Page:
Later in the month on August 15th villagers in Rathedaung stated that soldiers were asking for rations from Muslim villagers, and that their presence had increased to 300 soldiers in the area. While this occurred a curfew was imposed on all villages in Rathedaung following an incident on August 11th, where a Rohingya mob gathered in response to sweeping arrests by police. Following these events reports continued to emerge of villagers throughout Rathedaung being detained, beaten or both, with reports in the same region of Rohingya livestock being looted by Rakhine villagers.
BHRN later received reports of large sweeping arrests by border guard police (BGP) and military forces in Southern Buthidaung Township, U Hla Pay Village Tract, at 7am on August 15th. Reports from the area have stated that 50-80 Rohingya were arrested arbitrarily, some were said to be workers on the roadside or farmland who were randomly swept away by police. Those arrested were taken to Nyaung Cheung BGP camp at around 12pm of the same day. There are reports that one man died in custody during this time, and BHRN is working to confirm if this is true.
With these most recent attacks it is almost certain that the military will respond harshly and may not differentiate between civilians and combatants. Without proper and immediate intervention the situation may easily spiral out of control as violence is further normalized in the region causing attacks to increase between the army and militants. The military must use restraint when engaging in combat and avoid civilians at all costs. Likewise we call on ARSA to avoid fighting in civilian areas at any time. The International Community must take any allegations coming from this conflict seriously and not allow the situation to further deteriorate as it has for the past year. With this in mind we reiterate our call on Myanmar to accept the UN mandated Fact Finding Mission into allegations from last years fighting in order to address grievances of the local population and pursue peace and justice in the region. Any human rights violations emerging from this conflict will ultimately prolong it and potentially create an environment of constant violence that erodes the perceived value of human life both in combat and in communal interactions.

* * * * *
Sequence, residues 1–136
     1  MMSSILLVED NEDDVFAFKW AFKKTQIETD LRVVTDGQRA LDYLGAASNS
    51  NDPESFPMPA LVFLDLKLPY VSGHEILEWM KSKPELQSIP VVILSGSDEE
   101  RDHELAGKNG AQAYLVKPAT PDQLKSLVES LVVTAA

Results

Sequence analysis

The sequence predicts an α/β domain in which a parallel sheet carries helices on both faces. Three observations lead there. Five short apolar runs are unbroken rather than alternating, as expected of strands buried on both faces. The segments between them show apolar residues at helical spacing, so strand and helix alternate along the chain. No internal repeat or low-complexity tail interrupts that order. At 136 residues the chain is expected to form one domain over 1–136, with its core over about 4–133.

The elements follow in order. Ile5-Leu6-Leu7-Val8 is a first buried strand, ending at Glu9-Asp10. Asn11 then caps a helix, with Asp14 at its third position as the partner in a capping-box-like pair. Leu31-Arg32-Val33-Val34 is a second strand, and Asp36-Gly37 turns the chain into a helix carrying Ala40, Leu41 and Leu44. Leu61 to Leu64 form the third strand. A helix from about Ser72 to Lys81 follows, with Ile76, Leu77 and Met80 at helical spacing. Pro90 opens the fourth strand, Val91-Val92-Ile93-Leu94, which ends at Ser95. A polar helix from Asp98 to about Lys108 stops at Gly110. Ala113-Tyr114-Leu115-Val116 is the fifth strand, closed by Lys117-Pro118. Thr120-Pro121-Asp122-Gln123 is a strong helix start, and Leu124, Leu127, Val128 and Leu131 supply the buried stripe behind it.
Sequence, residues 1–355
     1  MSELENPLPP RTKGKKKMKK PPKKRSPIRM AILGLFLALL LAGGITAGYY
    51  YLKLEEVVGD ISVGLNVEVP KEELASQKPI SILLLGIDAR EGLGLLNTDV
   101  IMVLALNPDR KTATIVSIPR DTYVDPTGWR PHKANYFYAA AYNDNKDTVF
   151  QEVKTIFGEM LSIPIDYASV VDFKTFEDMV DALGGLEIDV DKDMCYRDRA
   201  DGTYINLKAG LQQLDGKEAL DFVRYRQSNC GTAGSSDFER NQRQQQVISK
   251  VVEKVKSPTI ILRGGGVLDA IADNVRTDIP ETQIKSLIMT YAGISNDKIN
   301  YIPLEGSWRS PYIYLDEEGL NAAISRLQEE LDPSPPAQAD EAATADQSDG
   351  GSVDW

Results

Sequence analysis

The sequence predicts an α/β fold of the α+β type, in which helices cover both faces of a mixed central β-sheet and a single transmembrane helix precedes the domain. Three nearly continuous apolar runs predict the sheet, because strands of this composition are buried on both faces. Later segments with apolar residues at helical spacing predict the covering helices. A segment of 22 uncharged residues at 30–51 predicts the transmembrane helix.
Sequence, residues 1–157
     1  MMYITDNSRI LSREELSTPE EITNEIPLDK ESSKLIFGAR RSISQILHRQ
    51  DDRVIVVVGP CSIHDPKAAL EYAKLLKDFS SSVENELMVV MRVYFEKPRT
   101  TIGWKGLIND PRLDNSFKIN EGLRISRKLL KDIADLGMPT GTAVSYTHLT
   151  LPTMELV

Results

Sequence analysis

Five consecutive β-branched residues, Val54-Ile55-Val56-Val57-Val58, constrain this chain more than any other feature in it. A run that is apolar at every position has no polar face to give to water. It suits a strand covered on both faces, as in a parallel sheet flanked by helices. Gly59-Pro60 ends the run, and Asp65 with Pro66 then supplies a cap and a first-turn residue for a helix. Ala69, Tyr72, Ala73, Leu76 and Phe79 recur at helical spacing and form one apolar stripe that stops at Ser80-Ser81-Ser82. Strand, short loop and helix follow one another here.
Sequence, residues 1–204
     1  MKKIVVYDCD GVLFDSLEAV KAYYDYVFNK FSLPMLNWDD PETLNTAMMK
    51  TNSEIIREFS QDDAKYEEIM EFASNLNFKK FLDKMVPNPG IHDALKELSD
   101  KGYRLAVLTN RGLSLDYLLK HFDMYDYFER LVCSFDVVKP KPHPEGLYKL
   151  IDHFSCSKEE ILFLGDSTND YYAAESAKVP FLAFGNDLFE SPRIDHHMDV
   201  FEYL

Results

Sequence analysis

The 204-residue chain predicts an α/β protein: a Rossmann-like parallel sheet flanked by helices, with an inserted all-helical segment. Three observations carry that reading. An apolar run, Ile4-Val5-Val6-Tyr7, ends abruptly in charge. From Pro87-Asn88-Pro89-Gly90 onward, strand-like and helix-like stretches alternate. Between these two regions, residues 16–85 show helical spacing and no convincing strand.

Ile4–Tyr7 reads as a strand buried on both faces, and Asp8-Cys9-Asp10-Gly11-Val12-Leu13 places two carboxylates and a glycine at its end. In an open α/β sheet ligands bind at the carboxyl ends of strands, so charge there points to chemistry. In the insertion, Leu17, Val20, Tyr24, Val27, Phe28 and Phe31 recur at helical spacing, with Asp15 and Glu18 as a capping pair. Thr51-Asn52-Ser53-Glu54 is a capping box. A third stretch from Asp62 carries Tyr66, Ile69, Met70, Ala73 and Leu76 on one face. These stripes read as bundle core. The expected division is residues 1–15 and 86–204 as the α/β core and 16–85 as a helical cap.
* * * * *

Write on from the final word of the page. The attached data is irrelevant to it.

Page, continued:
We call on security forces to respect the principles of proportionality and distinction with regard to the use of force in counter-insurgency operations in accordance with International Humanitarian Law. In restoring law and order, International Law and human rights must be kept as a priority to ensure that this restoration is meaningful, just and avoids worsening tensions in an already fragmented and volatile region.